(Adds comments and details, updates share price)
By Scott Haggett
CALGARY, Alberta, Jan 13 (Reuters) - Talisman Energy Inc TLM.TO, Canada’s No. 3 independent oil exploration firm, said on Tuesday it was looking to weather a lean year and cut at least C$1 billion ($810 million) from its 2009 capital budget to cope with low oil prices.
The company said it plans to shave its 2009 spending program to about C$4 billion from the C$5 billion to $5.3 billion in expected outlays for 2008, keeping production flat from last year at about 430,000 barrels of oil equivalent per day and backing away from growth plans of between 5 and 8 percent annually announced last year.
“Largely because we’ve made significant reductions to our investment in conventional drilling in North America, we will not deliver the growth we projected in May,” John Manzoni, Talisman’s chief executive, said on a conference call.
Talisman joins almost every other Canadian oil company in reducing capital budgets to weather oil prices that have dropped by more than two-thirds since peaking in July at more than $147 a barrel. Indeed, the company said it is basing its spending program on benchmark oil prices of just $40 per barrel.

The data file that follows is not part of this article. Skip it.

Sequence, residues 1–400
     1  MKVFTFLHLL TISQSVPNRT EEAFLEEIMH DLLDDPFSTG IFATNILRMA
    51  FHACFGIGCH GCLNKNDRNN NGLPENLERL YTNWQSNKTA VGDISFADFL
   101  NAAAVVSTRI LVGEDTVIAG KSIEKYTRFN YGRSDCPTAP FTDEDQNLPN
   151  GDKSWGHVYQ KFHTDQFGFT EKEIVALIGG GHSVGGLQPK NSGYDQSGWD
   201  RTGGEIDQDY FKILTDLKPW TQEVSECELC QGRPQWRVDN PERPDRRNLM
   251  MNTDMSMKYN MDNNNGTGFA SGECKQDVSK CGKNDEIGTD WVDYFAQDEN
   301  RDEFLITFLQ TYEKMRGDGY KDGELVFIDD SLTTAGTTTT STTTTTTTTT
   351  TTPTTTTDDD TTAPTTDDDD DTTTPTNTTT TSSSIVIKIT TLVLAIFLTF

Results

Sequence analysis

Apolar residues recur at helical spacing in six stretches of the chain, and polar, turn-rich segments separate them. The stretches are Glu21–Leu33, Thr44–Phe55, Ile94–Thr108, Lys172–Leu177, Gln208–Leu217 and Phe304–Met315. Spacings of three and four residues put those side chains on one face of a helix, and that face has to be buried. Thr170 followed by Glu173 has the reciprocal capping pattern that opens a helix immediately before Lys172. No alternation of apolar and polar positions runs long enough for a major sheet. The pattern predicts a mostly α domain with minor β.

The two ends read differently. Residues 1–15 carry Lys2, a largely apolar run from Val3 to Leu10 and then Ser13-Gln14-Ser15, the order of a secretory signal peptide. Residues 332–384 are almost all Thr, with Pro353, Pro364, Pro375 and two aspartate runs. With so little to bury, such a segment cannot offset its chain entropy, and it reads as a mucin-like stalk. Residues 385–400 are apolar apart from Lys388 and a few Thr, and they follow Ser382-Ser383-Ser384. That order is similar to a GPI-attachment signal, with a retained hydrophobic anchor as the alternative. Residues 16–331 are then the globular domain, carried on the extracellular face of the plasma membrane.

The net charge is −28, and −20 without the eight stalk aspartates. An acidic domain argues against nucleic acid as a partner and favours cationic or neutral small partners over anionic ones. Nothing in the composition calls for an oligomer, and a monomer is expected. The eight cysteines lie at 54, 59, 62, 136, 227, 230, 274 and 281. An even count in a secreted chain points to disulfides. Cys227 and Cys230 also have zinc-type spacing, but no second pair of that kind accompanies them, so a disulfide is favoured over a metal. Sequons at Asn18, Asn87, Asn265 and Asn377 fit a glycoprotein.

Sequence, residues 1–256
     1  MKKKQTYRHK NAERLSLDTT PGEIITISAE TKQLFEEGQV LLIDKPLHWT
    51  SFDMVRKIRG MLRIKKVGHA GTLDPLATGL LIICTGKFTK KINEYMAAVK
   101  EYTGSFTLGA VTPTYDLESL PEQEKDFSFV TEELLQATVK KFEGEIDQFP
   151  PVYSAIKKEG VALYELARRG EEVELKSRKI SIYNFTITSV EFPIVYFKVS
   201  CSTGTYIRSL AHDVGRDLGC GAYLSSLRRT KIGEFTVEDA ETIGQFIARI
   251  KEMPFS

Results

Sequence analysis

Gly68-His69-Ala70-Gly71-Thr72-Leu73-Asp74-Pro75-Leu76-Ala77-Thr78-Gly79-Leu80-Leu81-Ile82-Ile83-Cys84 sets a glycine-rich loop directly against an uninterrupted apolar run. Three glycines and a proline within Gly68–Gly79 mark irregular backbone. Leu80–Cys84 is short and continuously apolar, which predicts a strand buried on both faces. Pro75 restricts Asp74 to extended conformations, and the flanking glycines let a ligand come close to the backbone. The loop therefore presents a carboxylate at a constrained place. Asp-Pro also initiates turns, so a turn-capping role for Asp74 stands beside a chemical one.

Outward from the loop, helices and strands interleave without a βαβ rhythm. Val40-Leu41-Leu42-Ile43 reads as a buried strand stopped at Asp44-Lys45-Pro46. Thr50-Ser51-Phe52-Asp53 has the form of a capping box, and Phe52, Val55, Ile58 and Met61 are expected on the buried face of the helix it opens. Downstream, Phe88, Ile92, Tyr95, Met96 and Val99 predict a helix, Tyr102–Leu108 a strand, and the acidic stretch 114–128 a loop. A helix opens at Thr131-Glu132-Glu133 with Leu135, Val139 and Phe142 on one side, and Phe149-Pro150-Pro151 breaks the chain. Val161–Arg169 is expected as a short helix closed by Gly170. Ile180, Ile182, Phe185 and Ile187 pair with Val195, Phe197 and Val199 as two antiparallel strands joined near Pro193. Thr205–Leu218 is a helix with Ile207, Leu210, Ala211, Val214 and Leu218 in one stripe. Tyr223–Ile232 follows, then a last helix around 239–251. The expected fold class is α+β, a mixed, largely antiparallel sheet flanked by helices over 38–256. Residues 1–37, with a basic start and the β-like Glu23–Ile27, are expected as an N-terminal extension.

Oil prices averaged nearly $100 a barrel in 2008.
Under Manzoni, the company is widening its focus from international operations to include unconventional fields such as the Marcellus shales in Pennsylvania and the Montney gas region in British Columbia.
The company had also been acquiring lands in the prolific but technically difficult Bakken oil field in Saskatchewan. However, it has decided to sell its holdings in the area because it no longer thinks the returns there will be big enough.
However with the downturn in oil prices, the company is putting off plans to sell of some its North Sea assets until prices recover.
Talisman plans to spend about a third of its capital budget in North America, with $1 billion earmarked to expand its push into unconventional gas. Still, that’s down from about C$2.5 billion it spent in North America last year.
Its North Sea operations will account for 27 percent of its capital spending, while its Southeast Asia holdings will take 19 percent of its budget and the rest will go to exploration programs.
Talisman also warned it may have to write down the value of some of its reserves, mostly from its North Sea operations, because of low yearend commodity prices.
Reserves are judged to be economic based on prices at the end of the year though new rules are planned that would see companies use an annual average price for oil and gas.
Talisman’s shares were up 24 Canadian cents at C$12.19 late on Tuesday afternoon on the Toronto Stock Exchange. The stock has fallen 37 percent over the past 12 months. ($1=$1.23 Canadian) (Additional reporting by Scott Anderson; editing by Peter Galloway)